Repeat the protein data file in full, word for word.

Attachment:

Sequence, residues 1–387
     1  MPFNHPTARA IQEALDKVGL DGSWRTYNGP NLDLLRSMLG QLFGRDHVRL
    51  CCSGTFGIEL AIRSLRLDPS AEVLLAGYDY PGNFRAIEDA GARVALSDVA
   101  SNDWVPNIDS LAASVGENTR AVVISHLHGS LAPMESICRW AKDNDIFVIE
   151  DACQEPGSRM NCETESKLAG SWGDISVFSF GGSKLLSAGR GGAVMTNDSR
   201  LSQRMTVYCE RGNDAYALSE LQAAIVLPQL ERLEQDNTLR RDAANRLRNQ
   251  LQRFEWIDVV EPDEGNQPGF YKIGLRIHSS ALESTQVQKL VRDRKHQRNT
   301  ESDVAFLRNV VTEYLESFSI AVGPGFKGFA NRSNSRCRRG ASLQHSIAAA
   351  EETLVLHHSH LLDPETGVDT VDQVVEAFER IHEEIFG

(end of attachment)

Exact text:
Sequence, residues 1–387
     1  MPFNHPTARA IQEALDKVGL DGSWRTYNGP NLDLLRSMLG QLFGRDHVRL
    51  CCSGTFGIEL AIRSLRLDPS AEVLLAGYDY PGNFRAIEDA GARVALSDVA
   101  SNDWVPNIDS LAASVGENTR AVVISHLHGS LAPMESICRW AKDNDIFVIE
   151  DACQEPGSRM NCETESKLAG SWGDISVFSF GGSKLLSAGR GGAVMTNDSR
   201  LSQRMTVYCE RGNDAYALSE LQAAIVLPQL ERLEQDNTLR RDAANRLRNQ
   251  LQRFEWIDVV EPDEGNQPGF YKIGLRIHSS ALESTQVQKL VRDRKHQRNT
   301  ESDVAFLRNV VTEYLESFSI AVGPGFKGFA NRSNSRCRRG ASLQHSIAAA
   351  EETLVLHHSH LLDPETGVDT VDQVVEAFER IHEEIFG